Wednesday, October 26, 2011

G.I. Bill--for Entepreneurship

Marvin Ammori

I want to highlight a bill recently introduced in Congress designed to promote entrepreneurship among military veterans.

The bill would enable veterans to use the educational benefits earned under the existing GI Bills to start a new business.

I like the bill for several reasons.

First, the original GI Bills meant to help veterans transition back to civilian life and to succeed as civilians, but college education is no longer the clear path to success for everyone in today's economy. The numbers are almost depressing. Nearly 14% of college graduates from 2006-2010 can't find full-time work. According to the comments posted on We Are the 99 Percent, many of the graduates who do have jobs can't make ends meet and have little job security. Those writing at Balkinization, generally law professors, have discussed not college but legal education. The writers have noted the same problems--it's expensive, many students land loans not legal jobs, and employment numbers are low (and lower than law schools suggest, as Brian Tamanaha has often noted).

Peter Thiel, former CEO of Paypal and Facebook's first outside investor, has called our education system a "bubble" and he pays (some exceptional) young people essentially to drop out of college and do something else meaningful.

Second, at the same time, entrepreneurship and new businesses tend to account for much of the nation's job growth and real economic growth. Successful new businesses benefit the tax base, the local community, and the nation generally. Other countries, notably Israel, have benefited from veterans applying the skills they learned in the military to new ventures. (See Start-Up Nation.) We can learn from them. And this bill will not just fund new businesses, it could importantly foster a culture of entrepreneurship nationally.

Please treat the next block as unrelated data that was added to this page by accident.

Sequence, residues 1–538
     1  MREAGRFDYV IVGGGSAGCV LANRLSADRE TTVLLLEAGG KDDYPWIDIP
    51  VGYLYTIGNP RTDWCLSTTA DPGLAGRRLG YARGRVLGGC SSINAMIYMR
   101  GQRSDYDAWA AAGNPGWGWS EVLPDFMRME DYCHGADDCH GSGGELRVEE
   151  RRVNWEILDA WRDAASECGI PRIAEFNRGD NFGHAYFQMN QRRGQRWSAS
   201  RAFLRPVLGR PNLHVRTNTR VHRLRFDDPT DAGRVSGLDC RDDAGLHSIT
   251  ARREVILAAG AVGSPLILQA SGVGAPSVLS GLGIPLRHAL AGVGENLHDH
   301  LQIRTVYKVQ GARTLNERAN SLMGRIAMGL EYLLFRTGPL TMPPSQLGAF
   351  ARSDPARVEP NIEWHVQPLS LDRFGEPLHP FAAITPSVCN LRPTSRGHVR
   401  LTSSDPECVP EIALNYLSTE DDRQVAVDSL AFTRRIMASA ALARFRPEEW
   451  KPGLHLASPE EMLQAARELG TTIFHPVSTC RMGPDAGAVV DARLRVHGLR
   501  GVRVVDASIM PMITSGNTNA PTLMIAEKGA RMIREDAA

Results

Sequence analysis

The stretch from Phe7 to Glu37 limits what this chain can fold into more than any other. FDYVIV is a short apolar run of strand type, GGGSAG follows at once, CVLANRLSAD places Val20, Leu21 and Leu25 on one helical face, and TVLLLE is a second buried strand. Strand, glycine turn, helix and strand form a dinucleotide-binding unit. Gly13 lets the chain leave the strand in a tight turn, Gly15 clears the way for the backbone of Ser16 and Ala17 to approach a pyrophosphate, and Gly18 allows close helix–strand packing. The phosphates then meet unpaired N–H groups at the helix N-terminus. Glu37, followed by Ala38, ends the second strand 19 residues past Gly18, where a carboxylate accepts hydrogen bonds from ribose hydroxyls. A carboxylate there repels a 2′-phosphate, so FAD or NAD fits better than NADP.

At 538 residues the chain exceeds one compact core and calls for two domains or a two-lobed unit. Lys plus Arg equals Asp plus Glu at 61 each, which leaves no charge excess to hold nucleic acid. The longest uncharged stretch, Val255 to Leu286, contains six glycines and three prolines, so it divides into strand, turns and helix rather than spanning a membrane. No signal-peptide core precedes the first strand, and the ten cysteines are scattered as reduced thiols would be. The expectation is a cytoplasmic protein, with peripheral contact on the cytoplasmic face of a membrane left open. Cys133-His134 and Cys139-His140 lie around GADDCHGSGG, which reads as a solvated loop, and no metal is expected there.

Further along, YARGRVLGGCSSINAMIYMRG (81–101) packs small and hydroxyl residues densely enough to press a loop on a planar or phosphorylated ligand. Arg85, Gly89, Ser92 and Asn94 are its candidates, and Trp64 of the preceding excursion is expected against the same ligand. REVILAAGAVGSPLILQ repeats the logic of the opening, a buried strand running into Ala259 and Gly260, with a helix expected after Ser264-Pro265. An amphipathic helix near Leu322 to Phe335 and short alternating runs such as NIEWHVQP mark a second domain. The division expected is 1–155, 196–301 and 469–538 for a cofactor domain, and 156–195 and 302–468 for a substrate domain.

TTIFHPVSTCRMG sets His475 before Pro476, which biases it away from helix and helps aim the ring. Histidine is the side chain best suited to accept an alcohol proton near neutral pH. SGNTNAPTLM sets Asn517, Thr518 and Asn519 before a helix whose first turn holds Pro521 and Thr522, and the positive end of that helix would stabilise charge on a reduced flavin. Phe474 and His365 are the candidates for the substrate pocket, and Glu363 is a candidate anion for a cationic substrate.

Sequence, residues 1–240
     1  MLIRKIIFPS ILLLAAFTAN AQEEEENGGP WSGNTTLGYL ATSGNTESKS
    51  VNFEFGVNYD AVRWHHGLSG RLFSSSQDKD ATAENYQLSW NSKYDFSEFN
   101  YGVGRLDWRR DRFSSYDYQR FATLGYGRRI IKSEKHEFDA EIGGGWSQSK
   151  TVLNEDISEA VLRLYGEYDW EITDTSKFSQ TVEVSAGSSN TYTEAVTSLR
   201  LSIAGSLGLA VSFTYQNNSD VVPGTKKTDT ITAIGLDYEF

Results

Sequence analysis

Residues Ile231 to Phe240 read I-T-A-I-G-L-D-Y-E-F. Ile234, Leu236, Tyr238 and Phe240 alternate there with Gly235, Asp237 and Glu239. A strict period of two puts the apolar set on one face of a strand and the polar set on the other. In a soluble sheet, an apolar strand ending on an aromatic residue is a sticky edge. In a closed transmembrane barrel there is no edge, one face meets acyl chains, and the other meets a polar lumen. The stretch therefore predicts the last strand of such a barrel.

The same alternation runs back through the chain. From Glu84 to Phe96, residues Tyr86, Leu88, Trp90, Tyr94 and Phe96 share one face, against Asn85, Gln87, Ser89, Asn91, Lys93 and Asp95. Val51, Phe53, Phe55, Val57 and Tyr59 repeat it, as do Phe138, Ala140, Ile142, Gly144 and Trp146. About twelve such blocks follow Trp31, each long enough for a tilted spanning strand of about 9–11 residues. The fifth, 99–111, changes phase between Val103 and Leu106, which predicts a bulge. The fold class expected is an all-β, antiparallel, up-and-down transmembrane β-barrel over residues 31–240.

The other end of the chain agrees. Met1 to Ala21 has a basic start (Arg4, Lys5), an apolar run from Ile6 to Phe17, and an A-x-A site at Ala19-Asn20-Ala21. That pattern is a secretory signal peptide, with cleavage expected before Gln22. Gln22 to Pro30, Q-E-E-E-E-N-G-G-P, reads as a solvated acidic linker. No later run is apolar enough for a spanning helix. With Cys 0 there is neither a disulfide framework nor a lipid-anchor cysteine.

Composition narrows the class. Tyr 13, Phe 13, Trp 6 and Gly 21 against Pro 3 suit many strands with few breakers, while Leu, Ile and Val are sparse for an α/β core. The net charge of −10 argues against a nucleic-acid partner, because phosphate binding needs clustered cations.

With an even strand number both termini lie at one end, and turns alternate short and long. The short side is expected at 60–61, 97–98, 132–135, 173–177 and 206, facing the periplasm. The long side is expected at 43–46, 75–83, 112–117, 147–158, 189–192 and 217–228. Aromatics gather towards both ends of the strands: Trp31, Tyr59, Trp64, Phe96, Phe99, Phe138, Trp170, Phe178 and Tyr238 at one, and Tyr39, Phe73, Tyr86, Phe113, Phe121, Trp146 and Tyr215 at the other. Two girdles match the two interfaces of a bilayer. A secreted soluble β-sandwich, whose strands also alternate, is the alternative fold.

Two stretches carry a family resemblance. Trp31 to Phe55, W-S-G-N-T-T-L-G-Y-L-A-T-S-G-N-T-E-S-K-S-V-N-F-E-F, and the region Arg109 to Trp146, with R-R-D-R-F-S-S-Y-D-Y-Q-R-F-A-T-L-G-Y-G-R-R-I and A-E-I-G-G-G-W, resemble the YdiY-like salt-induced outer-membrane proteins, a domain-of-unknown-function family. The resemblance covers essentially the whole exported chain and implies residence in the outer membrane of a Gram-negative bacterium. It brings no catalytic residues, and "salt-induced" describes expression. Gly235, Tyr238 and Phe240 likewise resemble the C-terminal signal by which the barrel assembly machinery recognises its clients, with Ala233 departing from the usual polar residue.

Third, I think veterans should be able to choose how to use their benefits. It's not an additional benefit, costing the government extra. Constraining the use of a benefit sometimes makes sense (think food stamps rather than cash, perhaps for cigarettes). But a veteran should be allowed to determine whether to risk an earned benefit on starting a new business or to risk it on a college education. It's a complex decision, involving the value of being in the job market now, and the risk aversion of the veteran. If we trust veterans with defending our country, we might trust them to make decisions about their civilian futures with benefits they have earned.

Finally, starting a business provides another kind of education, and one that people need. Americans aren't taught much about managing our money, investing, creating businesses, or marketing. We have classes on history and physics from an early age, but little on managing money or creating a business. (After having received no education in high school about managing money, we're then given credit cards and college loans.) I think a veteran can "fall back" on the skills and contacts they've learned in a failed business (which are substantial) as much as they can fall back on many college educations.

The bill imposes some risks, of course. But there are always risks; the question is whether the risk is worth the reward. Everyone agrees we can't just hand out money to every veteran business idea. And training and non-monetary support should complement the funds. And many businesses fail, and veterans should understand the risks. But the rewards seem to outweigh these risks.

The bill is called the Veterans Entrepreneurial Transition (VET) Act of 2011 and is available here. Sponsors are Jeff Fortenberry (R) and Bob Filner (D). The vision comes from a tiny group called the Patriot Enterprise Project.